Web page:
In a unanimous decision, the Appellate Division affirmed, ruling that the petition was sufficient on its face and properly supported by the nonhearsay allegations in the police report, signed by the officer-victim and certified by a police sergeant (see, Matter of Neftali D., 204 A.D.2d 319, 611 N.Y.S.2d 272). The Appellate Division noted that at the time the motion to dismiss was made, the fact-finding stage of the proceeding had commenced and "there was no longer a pressing need for an accusatory instrument that complied with Family Court Act § 311.2(3) (see, Matter of Edward B., 80 N.Y.2d 458, 464, 591 N.Y.S.2d 962, 606 N.E.2d 1353; Matter of David T., 75 N.Y.2d 927, 929, 555 N.Y.S.2d 675, 554 N.E.2d 1263)"(id., at 319, 611 N.Y.S.2d 272). We granted leave, and now reverse the order of the Appellate Division and dismiss the petition. Compliance with the dictates of Family Court Act § 311.2(3) is a formal prerequisite to a juvenile delinquency proceeding in the first instance and a condition precedent to a fact-finding hearing. Therefore, the unsworn police report attached to the instant petition was legally insufficient, depriving the court of a jurisdictional predicate to entertain the proceeding.

The sufficiency requirements set forth in Family Court Act § 311.2 are not simply technical pleading requirements but are designed to ensure substantive due process protection to an alleged juvenile delinquent, who can be arrested and deprived of liberty based on the petition. Like a criminal information, the juvenile delinquency petition is the sole instrument for the commencement, prosecution and adjudication of the juvenile delinquency proceeding and, therefore, must comport with the statutory jurisdictional requisites of the Family Court Act (see, Matter of Jahron S., 79 N.Y.2d 632, 636, 584 N.Y.S.2d 748, 595 N.E.2d 823; Matter of Detrece H., 78 N.Y.2d 107, 110, 571 N.Y.S.2d 899, 575 N.E.2d 385).

Family Court Act § 311.2 measures the sufficiency of a petition by the sum of its two parts: the verified petition (see, Family Ct. Act § 311.1; Matter of Jahron S., 79 N.Y.2d, at 636, 584 N.Y.S.2d 748, 595 N.E.2d 823, supra; CPLR 3020, 3021) and any supporting depositions filed with the petition. We now determine that the nonhearsay allegations contained in the supporting depositions of the petition must be sworn to satisfy the facial sufficiency requirements of the Family Court Act.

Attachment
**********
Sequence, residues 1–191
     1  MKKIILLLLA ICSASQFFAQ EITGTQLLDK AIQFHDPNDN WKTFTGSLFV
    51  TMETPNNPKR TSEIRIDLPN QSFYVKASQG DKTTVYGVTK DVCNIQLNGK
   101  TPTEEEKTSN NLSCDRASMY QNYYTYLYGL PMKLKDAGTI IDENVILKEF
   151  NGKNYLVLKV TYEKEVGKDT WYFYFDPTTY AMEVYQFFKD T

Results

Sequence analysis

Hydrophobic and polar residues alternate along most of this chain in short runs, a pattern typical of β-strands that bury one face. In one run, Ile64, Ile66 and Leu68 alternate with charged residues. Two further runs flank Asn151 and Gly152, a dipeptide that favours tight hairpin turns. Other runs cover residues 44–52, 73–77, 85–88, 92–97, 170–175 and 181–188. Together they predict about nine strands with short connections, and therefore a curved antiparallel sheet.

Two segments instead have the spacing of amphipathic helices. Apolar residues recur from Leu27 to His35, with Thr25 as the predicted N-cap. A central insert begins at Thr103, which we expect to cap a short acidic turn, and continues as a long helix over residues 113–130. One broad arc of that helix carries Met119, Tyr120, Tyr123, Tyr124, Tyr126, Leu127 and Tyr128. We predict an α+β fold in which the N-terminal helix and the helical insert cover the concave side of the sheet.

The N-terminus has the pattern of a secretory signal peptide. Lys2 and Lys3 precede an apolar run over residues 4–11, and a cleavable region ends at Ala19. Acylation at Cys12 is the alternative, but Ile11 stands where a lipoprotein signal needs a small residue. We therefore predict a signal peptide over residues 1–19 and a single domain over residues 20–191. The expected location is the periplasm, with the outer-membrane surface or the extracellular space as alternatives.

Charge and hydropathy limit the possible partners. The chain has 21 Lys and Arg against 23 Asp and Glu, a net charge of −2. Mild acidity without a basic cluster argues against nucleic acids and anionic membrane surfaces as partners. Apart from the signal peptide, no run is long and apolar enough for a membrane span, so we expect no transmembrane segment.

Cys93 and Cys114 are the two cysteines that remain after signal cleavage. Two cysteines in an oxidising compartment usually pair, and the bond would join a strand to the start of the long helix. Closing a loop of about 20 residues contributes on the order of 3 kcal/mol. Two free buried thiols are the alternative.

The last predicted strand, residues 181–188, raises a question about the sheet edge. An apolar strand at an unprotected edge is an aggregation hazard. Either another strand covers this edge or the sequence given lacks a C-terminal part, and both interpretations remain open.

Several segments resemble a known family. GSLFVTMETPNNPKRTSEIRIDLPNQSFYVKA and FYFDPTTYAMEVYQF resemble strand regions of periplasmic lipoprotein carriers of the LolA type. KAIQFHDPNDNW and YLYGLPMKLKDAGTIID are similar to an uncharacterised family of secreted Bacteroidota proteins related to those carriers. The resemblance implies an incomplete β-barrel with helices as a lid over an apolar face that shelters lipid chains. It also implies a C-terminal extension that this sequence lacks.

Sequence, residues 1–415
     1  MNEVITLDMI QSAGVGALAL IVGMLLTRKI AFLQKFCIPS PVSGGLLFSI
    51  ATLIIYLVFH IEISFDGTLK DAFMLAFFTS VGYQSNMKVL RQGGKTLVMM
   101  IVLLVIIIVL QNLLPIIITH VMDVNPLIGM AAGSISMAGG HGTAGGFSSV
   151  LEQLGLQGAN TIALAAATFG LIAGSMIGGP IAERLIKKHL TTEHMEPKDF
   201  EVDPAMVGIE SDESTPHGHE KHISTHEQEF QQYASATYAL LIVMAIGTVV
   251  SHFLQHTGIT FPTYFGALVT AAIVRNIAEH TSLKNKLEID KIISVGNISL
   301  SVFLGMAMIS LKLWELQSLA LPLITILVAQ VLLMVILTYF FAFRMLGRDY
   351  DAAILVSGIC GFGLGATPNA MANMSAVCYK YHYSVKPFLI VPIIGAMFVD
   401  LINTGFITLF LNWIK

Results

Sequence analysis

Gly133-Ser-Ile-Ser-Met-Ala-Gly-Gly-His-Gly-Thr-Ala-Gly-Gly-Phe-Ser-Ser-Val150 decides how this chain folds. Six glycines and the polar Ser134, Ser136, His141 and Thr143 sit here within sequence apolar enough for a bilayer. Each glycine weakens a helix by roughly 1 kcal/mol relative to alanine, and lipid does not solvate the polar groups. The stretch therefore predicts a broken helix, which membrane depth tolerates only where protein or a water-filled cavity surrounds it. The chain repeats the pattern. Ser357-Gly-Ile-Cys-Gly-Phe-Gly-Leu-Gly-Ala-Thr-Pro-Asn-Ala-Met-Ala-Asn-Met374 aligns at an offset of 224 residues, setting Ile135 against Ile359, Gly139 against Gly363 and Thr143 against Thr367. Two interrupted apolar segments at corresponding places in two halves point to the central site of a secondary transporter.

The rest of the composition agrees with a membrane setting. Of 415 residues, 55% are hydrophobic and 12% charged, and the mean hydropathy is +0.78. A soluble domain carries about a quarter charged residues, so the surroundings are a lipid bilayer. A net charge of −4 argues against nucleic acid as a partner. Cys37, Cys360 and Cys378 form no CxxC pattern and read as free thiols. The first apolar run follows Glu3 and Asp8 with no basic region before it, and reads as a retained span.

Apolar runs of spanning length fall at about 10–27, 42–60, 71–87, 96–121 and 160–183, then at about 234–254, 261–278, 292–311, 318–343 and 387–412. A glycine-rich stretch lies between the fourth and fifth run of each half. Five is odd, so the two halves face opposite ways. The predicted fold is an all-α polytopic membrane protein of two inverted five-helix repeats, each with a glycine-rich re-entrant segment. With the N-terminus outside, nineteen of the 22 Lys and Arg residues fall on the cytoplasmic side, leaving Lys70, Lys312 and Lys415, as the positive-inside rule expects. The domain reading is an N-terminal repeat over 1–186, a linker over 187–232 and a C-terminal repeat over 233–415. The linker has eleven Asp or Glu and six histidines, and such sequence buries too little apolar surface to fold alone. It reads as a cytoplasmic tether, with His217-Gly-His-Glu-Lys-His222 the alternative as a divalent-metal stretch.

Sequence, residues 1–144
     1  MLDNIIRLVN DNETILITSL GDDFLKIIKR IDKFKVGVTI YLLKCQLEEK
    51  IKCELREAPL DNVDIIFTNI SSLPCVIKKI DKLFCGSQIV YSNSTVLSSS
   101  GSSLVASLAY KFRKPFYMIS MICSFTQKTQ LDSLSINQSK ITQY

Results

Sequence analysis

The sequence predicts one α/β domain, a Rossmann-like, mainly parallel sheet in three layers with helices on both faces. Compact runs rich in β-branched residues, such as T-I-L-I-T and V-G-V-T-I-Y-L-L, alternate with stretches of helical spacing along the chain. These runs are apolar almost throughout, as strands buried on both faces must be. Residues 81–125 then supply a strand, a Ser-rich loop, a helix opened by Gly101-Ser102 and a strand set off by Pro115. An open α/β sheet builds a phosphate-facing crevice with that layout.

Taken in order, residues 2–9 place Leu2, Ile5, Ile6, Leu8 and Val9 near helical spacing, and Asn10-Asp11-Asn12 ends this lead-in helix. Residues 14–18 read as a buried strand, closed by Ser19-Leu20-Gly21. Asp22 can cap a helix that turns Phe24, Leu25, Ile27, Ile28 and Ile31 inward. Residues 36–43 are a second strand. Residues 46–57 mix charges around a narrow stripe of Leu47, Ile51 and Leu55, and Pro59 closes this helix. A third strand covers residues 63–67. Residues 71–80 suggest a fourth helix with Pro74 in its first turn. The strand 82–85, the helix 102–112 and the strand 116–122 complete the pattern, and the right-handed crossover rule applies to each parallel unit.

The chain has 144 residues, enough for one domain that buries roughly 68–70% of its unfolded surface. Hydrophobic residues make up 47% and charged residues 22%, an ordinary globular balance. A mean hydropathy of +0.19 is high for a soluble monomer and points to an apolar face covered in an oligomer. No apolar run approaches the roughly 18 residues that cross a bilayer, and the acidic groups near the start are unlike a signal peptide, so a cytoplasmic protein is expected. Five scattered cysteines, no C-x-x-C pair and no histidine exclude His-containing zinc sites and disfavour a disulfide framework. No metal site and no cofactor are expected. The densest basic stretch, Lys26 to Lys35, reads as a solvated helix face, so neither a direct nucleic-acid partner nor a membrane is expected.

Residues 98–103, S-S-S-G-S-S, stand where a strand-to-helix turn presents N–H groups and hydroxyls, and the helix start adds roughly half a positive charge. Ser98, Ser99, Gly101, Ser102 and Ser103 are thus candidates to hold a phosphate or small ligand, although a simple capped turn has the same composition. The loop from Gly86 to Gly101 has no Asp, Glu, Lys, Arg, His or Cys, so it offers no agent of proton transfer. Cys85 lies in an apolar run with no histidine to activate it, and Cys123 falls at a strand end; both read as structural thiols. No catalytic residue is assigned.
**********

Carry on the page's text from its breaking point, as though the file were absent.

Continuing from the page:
Family Court Act § 303.1(2) contemplates reference to judicial interpretations of relevant provisions of the criminal procedure law where "such interpretations may assist the court in interpreting similar provisions of [the Family Court Act]." In Matter of Jahron S., we construed the sufficiency of a petition that did not contain a laboratory report identifying the controlled substance the juvenile was charged with criminally possessing, with reference to the parallel CPL provision even though there was no specific statutory direction to do so (see, Matter of Jahron S., 79 N.Y.2d, at 638, 584 N.Y.S.2d 748, 595 N.E.2d 823, supra; see also, Family Ct. Act § 303.1[1]. There, we determined that CPL 100.20, which defines and identifies the form and content of supporting depositions filed with a criminal information, simplified information, misdemeanor complaint or felony complaint, was instructive for evaluating the substance of a Family Court petition because the supporting deposition serves the same function--supplementing the factual allegations of the petition--in both proceedings (see, Matter of Jahron S., 79 N.Y.2d, at 638, 584 N.Y.S.2d 748, 595 N.E.2d 823, supra).

In this case, we find CPL 100.30(1)(b) instructive with regard to verification of supporting...